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COUNTING THE COST

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Kentucky's famous Trappist monk said it best: "Nothing is lost by peace, yet everything
may be lost by war."

Keeping count "by the numbers" (army parlance) tells us that more than 2,600 of our young warriors have died for their country in this war. But these dead are more than statistics. It galls me that they are not being given the honor and recognition they deserve. Why not? We do it for presidents President Reagan, for instance-a full week of mourning and old Glory at half-staff for 30 days.

That flag should be flying at half-mast every day! Yet we see nothing and hear little of our dead being brought home from Iraq in flag-draped coffins. Is it a deliberate attempt by this administration to promulgate the old saying "out of sight, out of mind?" If it is, it won't work. There are those of us who still grieve for the loved ones we lost in other wars, so many years ago:

Words can not express the desolation of that bleak Kentucky winter of 1944 when the message came a telegram regretting to inform my parents that their eldest son had died of wounds received in action. He died near Metz, France with Patton's army. The grandstanding general (who reminds me so much of our present Commander-in-Chief!) had outrun his supply and support lines in his rush to glory. My brother bled to death before medics reached him.

Later, a special packet arrived: a gilded Purple Heart medal and a letter of condolence from President Roosevelt. My mother could not, would not, accept his death, even when his personal possessions came home in a box. She fondled his wallet, empty except for a few faded photographs of the family. There was his pocket comb with two teeth missing and a worn handkerchief. She hugged to her breast these personal items he had last touched, some of them still encrusted with mud from a far away field in France where he had fallen.

Letters came, one from a Catholic chaplain to my Protestant mother advising her that he had been with her son at the end. His company commander wrote that Staff Sergeant William Franklin Preston had been one of his best soldiers, a credit to his family and to the nation.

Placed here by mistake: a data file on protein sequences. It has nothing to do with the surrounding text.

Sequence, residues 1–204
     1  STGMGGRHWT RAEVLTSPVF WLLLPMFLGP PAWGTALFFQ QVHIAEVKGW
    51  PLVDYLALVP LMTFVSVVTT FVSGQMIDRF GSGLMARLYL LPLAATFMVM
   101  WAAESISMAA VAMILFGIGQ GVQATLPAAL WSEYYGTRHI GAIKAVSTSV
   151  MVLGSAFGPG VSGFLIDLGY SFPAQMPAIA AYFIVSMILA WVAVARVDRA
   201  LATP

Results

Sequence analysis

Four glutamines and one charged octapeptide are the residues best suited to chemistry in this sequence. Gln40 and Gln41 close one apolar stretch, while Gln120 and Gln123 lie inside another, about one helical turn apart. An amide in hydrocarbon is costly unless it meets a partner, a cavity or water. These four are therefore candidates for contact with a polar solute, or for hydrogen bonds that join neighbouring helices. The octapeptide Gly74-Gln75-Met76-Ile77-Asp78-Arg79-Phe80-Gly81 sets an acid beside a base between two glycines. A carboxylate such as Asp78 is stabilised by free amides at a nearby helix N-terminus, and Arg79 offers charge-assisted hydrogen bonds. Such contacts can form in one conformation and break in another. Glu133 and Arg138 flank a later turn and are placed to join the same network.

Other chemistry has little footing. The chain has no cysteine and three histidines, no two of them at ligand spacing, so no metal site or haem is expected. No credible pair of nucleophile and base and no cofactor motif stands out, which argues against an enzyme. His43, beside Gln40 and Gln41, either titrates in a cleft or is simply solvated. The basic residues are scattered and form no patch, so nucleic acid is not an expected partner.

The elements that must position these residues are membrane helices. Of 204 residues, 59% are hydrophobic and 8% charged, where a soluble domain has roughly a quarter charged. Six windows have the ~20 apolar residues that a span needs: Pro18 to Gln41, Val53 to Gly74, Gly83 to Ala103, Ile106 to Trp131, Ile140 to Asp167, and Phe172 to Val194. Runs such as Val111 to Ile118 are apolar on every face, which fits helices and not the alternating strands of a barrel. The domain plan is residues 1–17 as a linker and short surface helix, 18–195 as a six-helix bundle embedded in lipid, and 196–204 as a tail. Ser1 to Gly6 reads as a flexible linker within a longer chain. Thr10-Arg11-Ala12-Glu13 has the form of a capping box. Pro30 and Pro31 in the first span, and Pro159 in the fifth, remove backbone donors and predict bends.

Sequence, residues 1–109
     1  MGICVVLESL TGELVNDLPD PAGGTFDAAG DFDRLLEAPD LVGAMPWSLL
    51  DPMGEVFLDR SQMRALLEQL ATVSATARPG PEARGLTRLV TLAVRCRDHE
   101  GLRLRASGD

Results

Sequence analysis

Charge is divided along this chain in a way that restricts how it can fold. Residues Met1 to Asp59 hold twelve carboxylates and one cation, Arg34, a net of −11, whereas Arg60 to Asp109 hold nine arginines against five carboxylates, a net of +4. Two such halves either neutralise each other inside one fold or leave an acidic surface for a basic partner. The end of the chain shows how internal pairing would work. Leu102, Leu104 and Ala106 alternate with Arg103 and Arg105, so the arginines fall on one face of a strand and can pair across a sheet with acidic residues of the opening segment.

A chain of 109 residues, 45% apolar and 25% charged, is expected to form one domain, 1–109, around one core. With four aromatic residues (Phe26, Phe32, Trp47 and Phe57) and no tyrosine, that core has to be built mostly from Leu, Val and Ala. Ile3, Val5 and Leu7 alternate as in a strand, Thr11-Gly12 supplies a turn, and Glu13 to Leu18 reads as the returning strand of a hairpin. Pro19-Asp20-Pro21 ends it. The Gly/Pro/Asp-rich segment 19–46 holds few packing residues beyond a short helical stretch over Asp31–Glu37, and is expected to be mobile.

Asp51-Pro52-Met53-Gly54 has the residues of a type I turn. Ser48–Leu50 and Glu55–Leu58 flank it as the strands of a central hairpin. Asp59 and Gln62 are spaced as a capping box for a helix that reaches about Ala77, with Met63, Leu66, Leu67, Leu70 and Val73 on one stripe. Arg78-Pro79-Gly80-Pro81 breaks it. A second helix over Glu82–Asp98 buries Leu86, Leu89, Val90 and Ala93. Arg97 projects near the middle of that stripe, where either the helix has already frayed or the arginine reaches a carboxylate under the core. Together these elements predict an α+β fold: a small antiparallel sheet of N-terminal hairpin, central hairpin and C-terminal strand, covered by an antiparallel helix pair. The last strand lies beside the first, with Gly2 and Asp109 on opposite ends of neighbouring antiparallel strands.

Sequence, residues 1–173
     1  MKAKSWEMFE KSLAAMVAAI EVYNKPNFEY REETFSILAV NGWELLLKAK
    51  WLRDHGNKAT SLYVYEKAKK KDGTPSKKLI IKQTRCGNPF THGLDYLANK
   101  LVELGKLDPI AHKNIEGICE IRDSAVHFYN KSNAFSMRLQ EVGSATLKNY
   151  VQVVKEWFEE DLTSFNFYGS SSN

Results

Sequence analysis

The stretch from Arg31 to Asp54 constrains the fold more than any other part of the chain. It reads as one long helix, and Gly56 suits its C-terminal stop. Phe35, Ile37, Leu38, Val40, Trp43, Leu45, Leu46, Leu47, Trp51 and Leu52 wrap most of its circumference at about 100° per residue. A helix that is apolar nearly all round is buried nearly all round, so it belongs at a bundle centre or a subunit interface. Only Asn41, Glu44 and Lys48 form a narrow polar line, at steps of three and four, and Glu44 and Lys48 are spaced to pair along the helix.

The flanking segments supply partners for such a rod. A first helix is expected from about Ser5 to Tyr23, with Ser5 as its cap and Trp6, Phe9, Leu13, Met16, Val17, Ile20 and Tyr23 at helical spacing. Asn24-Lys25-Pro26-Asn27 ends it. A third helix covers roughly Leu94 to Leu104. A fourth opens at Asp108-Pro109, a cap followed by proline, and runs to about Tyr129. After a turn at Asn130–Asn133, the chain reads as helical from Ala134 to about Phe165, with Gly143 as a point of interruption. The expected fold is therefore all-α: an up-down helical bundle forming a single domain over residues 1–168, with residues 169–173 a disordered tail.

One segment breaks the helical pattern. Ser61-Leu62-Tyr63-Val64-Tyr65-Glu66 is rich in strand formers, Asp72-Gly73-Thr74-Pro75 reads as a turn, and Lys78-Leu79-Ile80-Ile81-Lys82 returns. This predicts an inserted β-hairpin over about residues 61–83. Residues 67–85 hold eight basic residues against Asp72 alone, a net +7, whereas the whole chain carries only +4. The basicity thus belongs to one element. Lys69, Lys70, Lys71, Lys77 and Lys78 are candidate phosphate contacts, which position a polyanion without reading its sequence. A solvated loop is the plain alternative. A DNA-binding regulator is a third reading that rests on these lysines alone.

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She put away the treasured medal and letters in a small cedar box, symbolically burying her great loss. But she was inconsolable. Her 21 year old son, dead, and she hadn't seen him since he was 16 the day he he'd quit shucking corn in the field and hitchhiked to Lexington to join the army. But what choices did a poor farm boy have during the lean, hard years of the Great Depression? The army offered good food, clothing, and $21 a month a step up from nothing.

The memory of my mother's grieving face that cold Kentucky winter haunts me still. Although my sisters and I had quit our war-time jobs in Cincinnati to come home to strip out the tobacco crop, our best efforts in assuaging her grief failed. From the stripping room in the barn we could hear her keening, heartbroken wailing. Looking at each other, we stopped stripping the leaves from the dusty tobacco stalks, waiting, knowing that it wouldn't be long before she would be at the door, swollen-eyed and desperate, seeking a solace none of us could give.

My dad, his own eyes brimming, stopped work to hold her. We stood silent, stricken, at the stripping bench, each of us sharing their hurt, yet lost in our own private grief: Dear brother, 21 is too young to die! You hadn't yet begun to live.

My mind wanders: Long rows of young, green tobacco stretching endlessly under the hot sun. A gaggle of ragged children with goose-neck hoes chopping Johnson grass and thistles from the weedy rows; daydreaming, talking about what we would do when we got "rich." What regret, Bill, that now you would never get married, have a fine house on the hill with a bathroom; have the daughter you would name "Alice"; never get all the peanut butter and graham crackers you could eat. Not that you didn't enjoy our daily fare pinto beans, fried potatoes and cornbread, but that unfamiliar treat you'd enjoyed at a neighbor's house whetted your appetite and fired your imagination.

What a wistful bunch of kids, leaning on our hoes, wishing and wanting. You wanted books to read, not the kid stuff in the school library, but about the Graf Zeppelin and the China Clipper; exciting stuff about G-8 and his Battle Aces. You wanted to play basketball, but you had no athletic shoes, and that's really why you quit high school. The coach ran you off the court when you couldn't afford those shoes. Six-feet-two at age 16, you were quick and smart, and would have made a fine addition to the team.You had traded your old shotgun (you'd painted the barrel blue!) for a guitar and were getting pretty good on it before you left home. You sang "Man of Constant Sorrow" and "Little Maggie" as good as Bill Monroe or Ralph Stanley.

You were just a boy, the apple of your mother's eye, when you stood in that recruiter's office, lied about your age, and swore to defend your country against all enemies. Bless your dear heart! You did that, and did it well, but died in the process.

I think often of my brother, William Franklin Preston, 10th Infantry Division (Camp McCoy, Iceland, Ireland, and D-Day). He would today be 83 years old. And now, so many years later, I have one consolation that siblings today don't have. He fought in probably the one war that needed fighting, World War II a war that resembles Bush's war not one whit!
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Former editor of the Plains Georgia Monitor during Carter's presidency: former columnist for the Jessamine Journal, Nicholasville, Ky. WAC veteran; lost a beloved brother in World War II. Supports anti-war efforts to end the killing in Iraq.

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